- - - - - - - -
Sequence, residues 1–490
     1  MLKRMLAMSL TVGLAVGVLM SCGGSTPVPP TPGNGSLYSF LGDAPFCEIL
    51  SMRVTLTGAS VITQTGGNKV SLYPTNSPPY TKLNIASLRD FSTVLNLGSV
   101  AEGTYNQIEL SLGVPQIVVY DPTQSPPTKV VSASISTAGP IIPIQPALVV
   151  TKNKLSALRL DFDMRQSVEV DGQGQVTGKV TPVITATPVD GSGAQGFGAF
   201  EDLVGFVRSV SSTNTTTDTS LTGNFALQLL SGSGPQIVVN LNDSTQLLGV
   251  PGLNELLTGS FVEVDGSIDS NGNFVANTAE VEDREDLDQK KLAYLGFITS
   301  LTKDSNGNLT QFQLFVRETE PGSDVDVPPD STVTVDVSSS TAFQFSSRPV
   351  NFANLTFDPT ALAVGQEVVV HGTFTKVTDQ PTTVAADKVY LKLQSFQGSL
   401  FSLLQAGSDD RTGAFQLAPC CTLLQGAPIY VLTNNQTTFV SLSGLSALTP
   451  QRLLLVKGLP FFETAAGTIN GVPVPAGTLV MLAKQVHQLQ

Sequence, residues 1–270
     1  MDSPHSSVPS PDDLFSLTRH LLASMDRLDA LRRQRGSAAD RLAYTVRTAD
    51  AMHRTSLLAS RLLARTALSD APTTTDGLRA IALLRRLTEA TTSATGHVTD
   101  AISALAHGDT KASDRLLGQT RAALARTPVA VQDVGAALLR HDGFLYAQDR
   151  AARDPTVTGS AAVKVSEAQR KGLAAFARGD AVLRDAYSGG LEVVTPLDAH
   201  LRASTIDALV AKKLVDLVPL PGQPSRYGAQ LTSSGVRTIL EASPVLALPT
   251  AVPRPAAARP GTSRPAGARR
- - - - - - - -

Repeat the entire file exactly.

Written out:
Sequence, residues 1–490
     1  MLKRMLAMSL TVGLAVGVLM SCGGSTPVPP TPGNGSLYSF LGDAPFCEIL
    51  SMRVTLTGAS VITQTGGNKV SLYPTNSPPY TKLNIASLRD FSTVLNLGSV
   101  AEGTYNQIEL SLGVPQIVVY DPTQSPPTKV VSASISTAGP IIPIQPALVV
   151  TKNKLSALRL DFDMRQSVEV DGQGQVTGKV TPVITATPVD GSGAQGFGAF
   201  EDLVGFVRSV SSTNTTTDTS LTGNFALQLL SGSGPQIVVN LNDSTQLLGV
   251  PGLNELLTGS FVEVDGSIDS NGNFVANTAE VEDREDLDQK KLAYLGFITS
   301  LTKDSNGNLT QFQLFVRETE PGSDVDVPPD STVTVDVSSS TAFQFSSRPV
   351  NFANLTFDPT ALAVGQEVVV HGTFTKVTDQ PTTVAADKVY LKLQSFQGSL
   401  FSLLQAGSDD RTGAFQLAPC CTLLQGAPIY VLTNNQTTFV SLSGLSALTP
   451  QRLLLVKGLP FFETAAGTIN GVPVPAGTLV MLAKQVHQLQ

Sequence, residues 1–270
     1  MDSPHSSVPS PDDLFSLTRH LLASMDRLDA LRRQRGSAAD RLAYTVRTAD
    51  AMHRTSLLAS RLLARTALSD APTTTDGLRA IALLRRLTEA TTSATGHVTD
   101  AISALAHGDT KASDRLLGQT RAALARTPVA VQDVGAALLR HDGFLYAQDR
   151  AARDPTVTGS AAVKVSEAQR KGLAAFARGD AVLRDAYSGG LEVVTPLDAH
   201  LRASTIDALV AKKLVDLVPL PGQPSRYGAQ LTSSGVRTIL EASPVLALPT
   251  AVPRPAAARP GTSRPAGARR